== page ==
Wednesday, October 15, 2014
"It's not personal; it's just politics." That's the tagline for New Stage Theatre's newest production, "All the Way." The original play, written by Robert Schenkkan, won a 2014 Tony Award and a Drama Desk Award for Best Play and recently concluded a stint on Broadway.
The play centers on the 36th president of the United States, Lyndon B. Johnson, during 1964, his first year in office. Amid the turmoil of that time—from the passage of the Civil Rights Act to the country's involvement in the Vietnam War—Johnson stood in the middle of it all, determined to turn the U.S. into The Great Society he envisioned.
The play begins shortly after the assassination of President John F. Kennedy in November 1963 and follows Johnson's journey as he deals with political adversaries, voting-rights issue, turmoil in the South and elsewhere, and his presidential campaign and election in November 1964.
Francine Thomas Reynolds, artistic director for New Stage, felt it was important to secure the rights to "All the Way" no matter how difficult the task, because Mississippi played a pivotal role.
"Mississippi isn't always portrayed in a good light, but it's an area where I think people, young and old, can sit, watch the fantastic talent, numerous characters, and be given the chance to see what happened during that time," she says. "I hope people (re-examine) the Voting Rights Act, especially considering attempts to weaken it today."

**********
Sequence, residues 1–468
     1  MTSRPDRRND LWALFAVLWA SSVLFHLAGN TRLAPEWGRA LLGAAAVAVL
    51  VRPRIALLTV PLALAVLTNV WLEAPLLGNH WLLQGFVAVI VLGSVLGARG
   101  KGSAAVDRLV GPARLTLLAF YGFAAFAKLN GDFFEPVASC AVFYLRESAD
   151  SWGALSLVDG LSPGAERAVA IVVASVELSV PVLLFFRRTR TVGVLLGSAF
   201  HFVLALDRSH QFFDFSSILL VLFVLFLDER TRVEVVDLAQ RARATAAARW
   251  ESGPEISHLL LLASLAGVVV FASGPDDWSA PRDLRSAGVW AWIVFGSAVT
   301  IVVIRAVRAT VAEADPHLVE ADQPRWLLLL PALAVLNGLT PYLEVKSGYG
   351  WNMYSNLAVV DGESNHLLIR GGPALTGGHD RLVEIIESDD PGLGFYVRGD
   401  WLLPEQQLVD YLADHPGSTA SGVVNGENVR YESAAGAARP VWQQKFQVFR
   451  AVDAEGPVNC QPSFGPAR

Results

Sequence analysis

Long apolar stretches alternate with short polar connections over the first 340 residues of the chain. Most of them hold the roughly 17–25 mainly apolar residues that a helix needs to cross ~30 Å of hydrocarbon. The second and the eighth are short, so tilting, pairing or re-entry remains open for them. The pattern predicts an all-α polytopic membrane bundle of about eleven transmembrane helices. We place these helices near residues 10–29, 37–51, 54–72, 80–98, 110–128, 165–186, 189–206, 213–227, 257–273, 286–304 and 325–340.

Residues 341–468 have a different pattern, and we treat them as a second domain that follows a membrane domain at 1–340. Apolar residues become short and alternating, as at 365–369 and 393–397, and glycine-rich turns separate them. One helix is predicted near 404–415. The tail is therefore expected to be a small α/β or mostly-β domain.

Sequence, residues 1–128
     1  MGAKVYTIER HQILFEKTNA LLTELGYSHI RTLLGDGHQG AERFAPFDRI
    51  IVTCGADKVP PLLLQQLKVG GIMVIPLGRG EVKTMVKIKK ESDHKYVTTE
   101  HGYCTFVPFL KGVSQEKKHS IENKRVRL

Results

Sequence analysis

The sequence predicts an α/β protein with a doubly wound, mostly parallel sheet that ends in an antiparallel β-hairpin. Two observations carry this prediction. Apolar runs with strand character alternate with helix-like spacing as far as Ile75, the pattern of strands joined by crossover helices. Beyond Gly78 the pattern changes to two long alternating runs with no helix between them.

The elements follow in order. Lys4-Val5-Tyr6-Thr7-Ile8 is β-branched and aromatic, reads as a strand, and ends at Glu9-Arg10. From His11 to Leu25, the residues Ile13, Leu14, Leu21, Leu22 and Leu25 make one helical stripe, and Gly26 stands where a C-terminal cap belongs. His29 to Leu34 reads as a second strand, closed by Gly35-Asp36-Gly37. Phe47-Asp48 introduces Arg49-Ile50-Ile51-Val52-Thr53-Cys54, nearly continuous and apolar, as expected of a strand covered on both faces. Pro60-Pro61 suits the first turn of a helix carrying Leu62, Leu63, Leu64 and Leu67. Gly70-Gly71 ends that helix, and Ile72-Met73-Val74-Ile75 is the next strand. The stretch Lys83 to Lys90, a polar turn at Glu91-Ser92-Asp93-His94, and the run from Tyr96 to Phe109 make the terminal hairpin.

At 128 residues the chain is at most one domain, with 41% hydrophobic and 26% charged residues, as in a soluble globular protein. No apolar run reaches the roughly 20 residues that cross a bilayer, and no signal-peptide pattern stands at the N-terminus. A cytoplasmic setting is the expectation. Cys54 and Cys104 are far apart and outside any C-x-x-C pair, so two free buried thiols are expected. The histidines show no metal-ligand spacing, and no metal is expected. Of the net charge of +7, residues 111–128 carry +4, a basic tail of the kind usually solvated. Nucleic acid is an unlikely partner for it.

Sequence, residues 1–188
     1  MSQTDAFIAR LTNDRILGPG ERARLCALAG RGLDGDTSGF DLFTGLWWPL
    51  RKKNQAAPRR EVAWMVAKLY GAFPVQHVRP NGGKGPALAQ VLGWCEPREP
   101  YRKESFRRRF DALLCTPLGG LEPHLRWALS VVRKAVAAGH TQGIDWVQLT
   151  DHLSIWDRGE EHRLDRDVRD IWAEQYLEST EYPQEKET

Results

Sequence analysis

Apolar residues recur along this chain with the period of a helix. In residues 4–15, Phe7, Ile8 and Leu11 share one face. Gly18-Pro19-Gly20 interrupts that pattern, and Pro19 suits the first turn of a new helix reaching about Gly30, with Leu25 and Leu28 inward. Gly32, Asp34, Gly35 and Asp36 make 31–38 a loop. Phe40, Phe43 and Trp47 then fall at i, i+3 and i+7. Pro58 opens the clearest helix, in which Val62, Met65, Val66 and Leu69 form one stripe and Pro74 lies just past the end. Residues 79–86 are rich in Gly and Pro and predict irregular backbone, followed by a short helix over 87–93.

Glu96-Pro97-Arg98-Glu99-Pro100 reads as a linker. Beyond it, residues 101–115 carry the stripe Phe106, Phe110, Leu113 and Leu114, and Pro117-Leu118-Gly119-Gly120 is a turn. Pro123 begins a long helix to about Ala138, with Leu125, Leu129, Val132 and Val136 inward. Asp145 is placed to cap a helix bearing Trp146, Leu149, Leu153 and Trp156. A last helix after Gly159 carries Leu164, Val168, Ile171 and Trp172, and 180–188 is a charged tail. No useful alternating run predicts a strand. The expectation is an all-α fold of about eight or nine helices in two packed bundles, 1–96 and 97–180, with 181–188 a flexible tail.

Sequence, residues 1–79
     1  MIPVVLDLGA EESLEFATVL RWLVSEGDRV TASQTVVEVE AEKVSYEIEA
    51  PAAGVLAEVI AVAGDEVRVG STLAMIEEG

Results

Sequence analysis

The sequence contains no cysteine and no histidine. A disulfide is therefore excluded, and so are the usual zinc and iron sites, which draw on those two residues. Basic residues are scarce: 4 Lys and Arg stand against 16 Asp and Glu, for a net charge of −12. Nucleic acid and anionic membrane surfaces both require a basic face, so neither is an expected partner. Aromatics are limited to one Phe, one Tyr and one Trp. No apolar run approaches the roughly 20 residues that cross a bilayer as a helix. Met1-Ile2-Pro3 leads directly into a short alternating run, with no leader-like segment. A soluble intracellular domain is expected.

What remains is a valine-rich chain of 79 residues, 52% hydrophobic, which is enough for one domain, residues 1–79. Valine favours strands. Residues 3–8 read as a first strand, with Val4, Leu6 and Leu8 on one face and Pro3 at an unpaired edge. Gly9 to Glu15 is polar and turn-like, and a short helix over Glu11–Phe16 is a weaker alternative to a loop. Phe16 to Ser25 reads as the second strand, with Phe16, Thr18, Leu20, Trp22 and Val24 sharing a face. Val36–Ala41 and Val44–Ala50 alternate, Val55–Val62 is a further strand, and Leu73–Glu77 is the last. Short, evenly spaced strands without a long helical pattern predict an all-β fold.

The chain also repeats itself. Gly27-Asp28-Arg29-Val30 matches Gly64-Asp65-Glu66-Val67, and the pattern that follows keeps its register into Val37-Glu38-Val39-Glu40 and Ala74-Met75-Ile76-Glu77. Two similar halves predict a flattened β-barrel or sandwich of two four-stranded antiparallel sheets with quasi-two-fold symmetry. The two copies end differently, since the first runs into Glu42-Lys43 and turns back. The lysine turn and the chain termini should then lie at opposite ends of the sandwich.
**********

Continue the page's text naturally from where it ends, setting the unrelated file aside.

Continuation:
Reynolds says that the murder of three civil-rights workers, James Chaney, Andrew Goodman and Michael Schwerner, outside Philadelphia, Miss., helped Washington, D.C., begin to see the level of violence occurring in the Deep South aimed at people, both white and black, who strived for equality and freedom.
"Not only is the play entertaining, but I would describe it as a political thriller," Reynolds says.
New Stage has cast 24 actors in the many roles, including Mitch Tebo (Lyndon B. Johnson) Jason Davis (Gov. George Wallace, Walter Reuther and Mike Mansfield), Viola Bacus (Lady Bird Johnson), John Howell (Vice President Hubert Humphrey), David Spencer (FBI Director J. Edgar Hoover and Robert Byrd) and Joe Frost (Secretary of Defense Robert McNamara and William Moore McCulloch).
Don't expect the cast members to impersonate the people they portray, however. "Take Martin Luther King Jr., for instance," Reynolds says. "I had people audition who impersonated his voice. But that wasn't a requirement. To play a historical figure, you must have good acting ability, of course, but also maintain the correct energy, interpret the role and understand the motivations of that person. You want to grow in that role."
All the Way" premieres Oct. 21 at 7:30 p.m. in the Jane Reid Petty Theatre Center (1100 Carlisle St.) and ends Nov. 2. Shows are Tuesday through Saturday at 7:30 p.m. Sunday matinees are at 2 p.m. Tickets are $28, and discounts are available for students ($22 generally and $10 one hour before show time, based on availability), seniors ($22 for ages 60 or older), and groups ($18 each for 15 or more people). For more information, call 601-948-3531 or visit newstagetheatre.com.